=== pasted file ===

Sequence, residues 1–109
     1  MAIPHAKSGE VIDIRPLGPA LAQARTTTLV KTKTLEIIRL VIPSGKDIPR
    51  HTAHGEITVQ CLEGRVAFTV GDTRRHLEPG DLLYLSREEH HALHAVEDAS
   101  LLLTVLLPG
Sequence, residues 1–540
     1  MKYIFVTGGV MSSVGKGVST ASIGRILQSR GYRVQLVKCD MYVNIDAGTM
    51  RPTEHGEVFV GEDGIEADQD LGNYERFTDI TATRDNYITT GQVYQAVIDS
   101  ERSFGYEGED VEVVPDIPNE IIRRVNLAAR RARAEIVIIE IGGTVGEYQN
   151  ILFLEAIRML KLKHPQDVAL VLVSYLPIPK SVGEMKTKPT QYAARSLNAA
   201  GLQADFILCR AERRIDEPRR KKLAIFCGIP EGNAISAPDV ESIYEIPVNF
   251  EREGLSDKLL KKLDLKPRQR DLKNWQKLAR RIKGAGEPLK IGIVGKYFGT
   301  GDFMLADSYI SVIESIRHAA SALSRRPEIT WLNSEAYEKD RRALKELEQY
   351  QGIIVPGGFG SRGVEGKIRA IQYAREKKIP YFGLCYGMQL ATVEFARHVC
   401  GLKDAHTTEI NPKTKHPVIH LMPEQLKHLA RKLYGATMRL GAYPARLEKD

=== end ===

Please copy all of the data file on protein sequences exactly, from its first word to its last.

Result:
Sequence, residues 1–109
     1  MAIPHAKSGE VIDIRPLGPA LAQARTTTLV KTKTLEIIRL VIPSGKDIPR
    51  HTAHGEITVQ CLEGRVAFTV GDTRRHLEPG DLLYLSREEH HALHAVEDAS
   101  LLLTVLLPG
Sequence, residues 1–540
     1  MKYIFVTGGV MSSVGKGVST ASIGRILQSR GYRVQLVKCD MYVNIDAGTM
    51  RPTEHGEVFV GEDGIEADQD LGNYERFTDI TATRDNYITT GQVYQAVIDS
   101  ERSFGYEGED VEVVPDIPNE IIRRVNLAAR RARAEIVIIE IGGTVGEYQN
   151  ILFLEAIRML KLKHPQDVAL VLVSYLPIPK SVGEMKTKPT QYAARSLNAA
   201  GLQADFILCR AERRIDEPRR KKLAIFCGIP EGNAISAPDV ESIYEIPVNF
   251  EREGLSDKLL KKLDLKPRQR DLKNWQKLAR RIKGAGEPLK IGIVGKYFGT
   301  GDFMLADSYI SVIESIRHAA SALSRRPEIT WLNSEAYEKD RRALKELEQY
   351  QGIIVPGGFG SRGVEGKIRA IQYAREKKIP YFGLCYGMQL ATVEFARHVC
   401  GLKDAHTTEI NPKTKHPVIH LMPEQLKHLA RKLYGATMRL GAYPARLEKD